The stock markets sell-off gathered pace again overnight (9 February), with US and Asian markets posting sharp declines. The Dow Jones index dipped 4.15 per cent and the S&P 500 lost 3.75 per cent, while the technology-heavy Nasdaq index declined 3.9 per cent.
The losses spread to Asian markets. China led the rout, with the SSE Composite index falling 4.05 per cent. Other markets lost ground, with the Hong Kong Hang Seng index down 3.1 per cent and Japan’s Nikkei 225 index recording a loss of 2.3 per cent.
European stock markets were also in the red this morning, although losses were less severe. In the UK. as at 12.30 on (9 February) the FTSE 100 was down 0.85 per cent, trading close to 7,100 points. The FTSE All Share and FTSE 250 indices were also showing losses of 0.8 per cent and 0.68 per cent respectively. Other European markets posted steeper declines, with the German Dax and French Cac down 1.67 per cent and 1.51 per cent.
The million-dollar question, as with every market sell-off, is whether the declines will prove to be a short-term blip or the start of a more pronounced market correction, possibly triggering the start of a bear market.
The general feeling among market commentators and money managers is that the sell-off was ‘overdue’, after a strong 2017 for global markets generally when volatility was at extremely low levels compared to history. Prior to the sell-off, the expectation was that a market dip was inevitable at some point as valuations became pricier, particularly in the US. On one respected valuation measure (Cape) the US market has only been more expensive on two other ominous occasions – 1929 and 1999.
But, while pricier valuations are one factor behind the sell-off, a bigger driver is the move by the US Federal Reserve to tighten monetary policy by raising interest rates in the face of rising wages and fears of an uplift in inflation. As Ben Yearsley, a director of Shore Financial Planning, observes, the panic seems a little odd, particularly when rates in the US went up three times in 2017.
‘The strange thing about the market falls is that they have been driven by positive rather than negative news. Markets are in a tizz about interest rates increasing more quickly than expected in the US in 2018. Following strong unemployment numbers last week and GDP growth powering ahead, markets are now worried about inflation kicking back in, which will mean more rate rises to combat it.’
The other big concern – which is spooking markets and will no doubt cause further sell-offs in the future – is what happens when the cheap money era draws to a close. As Alex Scott, chief strategist at Seven Investment Management, points out, quantitative easing policies have ‘underpinned market confidence and valuations’ for a number of years now.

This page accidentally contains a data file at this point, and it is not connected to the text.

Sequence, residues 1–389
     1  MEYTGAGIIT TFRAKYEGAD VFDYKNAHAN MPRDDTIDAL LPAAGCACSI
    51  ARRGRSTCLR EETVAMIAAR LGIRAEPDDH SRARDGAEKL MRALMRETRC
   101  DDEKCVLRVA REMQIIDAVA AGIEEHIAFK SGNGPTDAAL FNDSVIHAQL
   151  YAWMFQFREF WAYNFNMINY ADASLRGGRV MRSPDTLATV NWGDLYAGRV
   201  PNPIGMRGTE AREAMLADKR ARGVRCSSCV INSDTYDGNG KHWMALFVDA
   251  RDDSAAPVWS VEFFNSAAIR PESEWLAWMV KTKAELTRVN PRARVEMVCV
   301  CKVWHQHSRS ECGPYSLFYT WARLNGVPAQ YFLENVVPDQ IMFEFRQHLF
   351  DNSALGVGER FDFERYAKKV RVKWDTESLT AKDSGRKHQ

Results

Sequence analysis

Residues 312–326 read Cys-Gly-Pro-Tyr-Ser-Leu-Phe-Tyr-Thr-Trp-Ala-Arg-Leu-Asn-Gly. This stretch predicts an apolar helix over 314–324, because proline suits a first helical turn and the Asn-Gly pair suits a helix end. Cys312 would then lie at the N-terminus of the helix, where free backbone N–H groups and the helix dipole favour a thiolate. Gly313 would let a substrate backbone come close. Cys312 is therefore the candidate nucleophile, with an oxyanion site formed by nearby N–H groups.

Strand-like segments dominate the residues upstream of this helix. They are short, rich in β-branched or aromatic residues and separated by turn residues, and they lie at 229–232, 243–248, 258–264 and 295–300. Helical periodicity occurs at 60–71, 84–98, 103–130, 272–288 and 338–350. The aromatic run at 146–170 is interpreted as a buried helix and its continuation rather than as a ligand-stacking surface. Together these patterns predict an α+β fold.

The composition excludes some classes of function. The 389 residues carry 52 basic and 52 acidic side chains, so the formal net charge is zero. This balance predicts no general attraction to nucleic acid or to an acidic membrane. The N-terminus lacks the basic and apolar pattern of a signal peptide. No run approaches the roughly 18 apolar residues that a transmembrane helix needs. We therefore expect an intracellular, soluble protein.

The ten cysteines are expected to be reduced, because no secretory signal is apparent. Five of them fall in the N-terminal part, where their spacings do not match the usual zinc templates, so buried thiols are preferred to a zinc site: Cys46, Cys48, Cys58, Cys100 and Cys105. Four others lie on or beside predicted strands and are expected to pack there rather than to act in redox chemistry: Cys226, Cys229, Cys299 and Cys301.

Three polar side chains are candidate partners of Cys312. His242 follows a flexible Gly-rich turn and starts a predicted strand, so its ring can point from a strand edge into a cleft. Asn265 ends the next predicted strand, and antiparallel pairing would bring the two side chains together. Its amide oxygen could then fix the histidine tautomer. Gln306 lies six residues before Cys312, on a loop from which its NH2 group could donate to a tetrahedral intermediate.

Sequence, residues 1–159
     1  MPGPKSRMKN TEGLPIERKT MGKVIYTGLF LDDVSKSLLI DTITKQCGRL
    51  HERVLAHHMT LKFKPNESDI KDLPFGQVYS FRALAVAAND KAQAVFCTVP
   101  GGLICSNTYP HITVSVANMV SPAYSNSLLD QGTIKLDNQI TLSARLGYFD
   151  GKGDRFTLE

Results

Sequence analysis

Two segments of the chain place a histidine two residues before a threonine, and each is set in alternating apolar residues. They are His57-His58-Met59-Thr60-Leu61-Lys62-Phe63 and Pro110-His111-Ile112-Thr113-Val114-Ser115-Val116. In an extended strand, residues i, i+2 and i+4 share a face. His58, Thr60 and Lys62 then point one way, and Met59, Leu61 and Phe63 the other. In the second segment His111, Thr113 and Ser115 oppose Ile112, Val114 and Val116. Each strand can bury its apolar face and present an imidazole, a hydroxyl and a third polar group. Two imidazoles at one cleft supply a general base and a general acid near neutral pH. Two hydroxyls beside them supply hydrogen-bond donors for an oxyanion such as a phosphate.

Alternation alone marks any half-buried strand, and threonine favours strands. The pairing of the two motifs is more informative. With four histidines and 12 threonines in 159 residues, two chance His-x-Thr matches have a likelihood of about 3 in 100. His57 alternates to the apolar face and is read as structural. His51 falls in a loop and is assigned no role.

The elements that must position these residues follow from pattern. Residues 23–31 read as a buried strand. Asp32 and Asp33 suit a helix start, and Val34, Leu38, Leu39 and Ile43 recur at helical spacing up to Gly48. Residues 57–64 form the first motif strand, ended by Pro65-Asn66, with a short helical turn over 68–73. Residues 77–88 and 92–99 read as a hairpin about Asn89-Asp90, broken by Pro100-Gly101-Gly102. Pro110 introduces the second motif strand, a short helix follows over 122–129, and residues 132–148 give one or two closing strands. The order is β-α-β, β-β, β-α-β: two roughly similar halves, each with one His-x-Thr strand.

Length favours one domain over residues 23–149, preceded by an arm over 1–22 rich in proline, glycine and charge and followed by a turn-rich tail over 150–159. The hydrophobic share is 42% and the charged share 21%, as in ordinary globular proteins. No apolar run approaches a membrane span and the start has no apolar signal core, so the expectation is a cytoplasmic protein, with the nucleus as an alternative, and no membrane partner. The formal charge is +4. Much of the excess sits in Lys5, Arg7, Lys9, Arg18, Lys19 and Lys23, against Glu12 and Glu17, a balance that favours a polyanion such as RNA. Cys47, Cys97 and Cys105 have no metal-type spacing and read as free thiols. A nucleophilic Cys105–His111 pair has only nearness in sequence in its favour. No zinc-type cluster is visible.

Most commentators, however, stress that the sell-off is unlikely to herald the start of a full-blown downturn, which would lead to a bear market. The health of the global economy is fuelling investor optimism, while investor euphoria is noticeably lacking, with Investment Association statistics showing fixed income funds were more popular than equity funds in 2017.
Where to find bargains
The sell-off has created bargains for bold investors, particularly in the case of investment trusts, where value opportunities have been hard to find of late. There are now a couple of bargains to be found in the Asia and emerging market sectors.
Aberdeen New India, for example, is currently trading on a discount of 14 per cent, wider than its 12-month average discount figure of 11 per cent. Other trusts that look cheap include Utilico Emerging Markets, on a 13.3 per cent discount versus a 10 per cent one-year average, and Fidelity Asian Values, which is offering a discount of 9.4 per cent versus a one-year average figure of 4 per cent.
Due to the structure of open-ended funds or unit trusts, finding a bargain among them is more of an art than an exact science. But, given the steep falls across the globe, fund investors should be looking to top up exposure to areas where they think the sell-off looks unjustified in relation to the region’s long-term prospects. Japan, for example, may now be worth a closer look.
In the case of individual equities, domestic UK stocks have become even cheaper after suffering further share price falls, while in terms of sectors banks stand out for their low valuations.
Fund for a falling market
Investors who are instead looking to take stock and reduce risk, perhaps fearing a more pronounced stock market correction, may want to consider a fund that prioritises capital preservation. The trade-off is that in rising markets these funds will lag both the stock market and many of their sector rivals.
Darius McDermott, managing director of FundCalibre, picks out BlackRock UK Absolute Alpha, a fund that bets on share prices falling as well as rising. He also likes Premier Defensive Growth, a fund that he says has been thoroughly tested in a wide range of scenarios and has continued to deliver.
He adds: ‘Many people will be worried that this is the start of a prolonged correction, but I think this is premature. It is a good wake-up call to investors to make sure their portfolios are in a fit state to withstand such an event, however – to make sure their portfolios are diversified and have some form of cushion to lessen the impact of a larger fall.’
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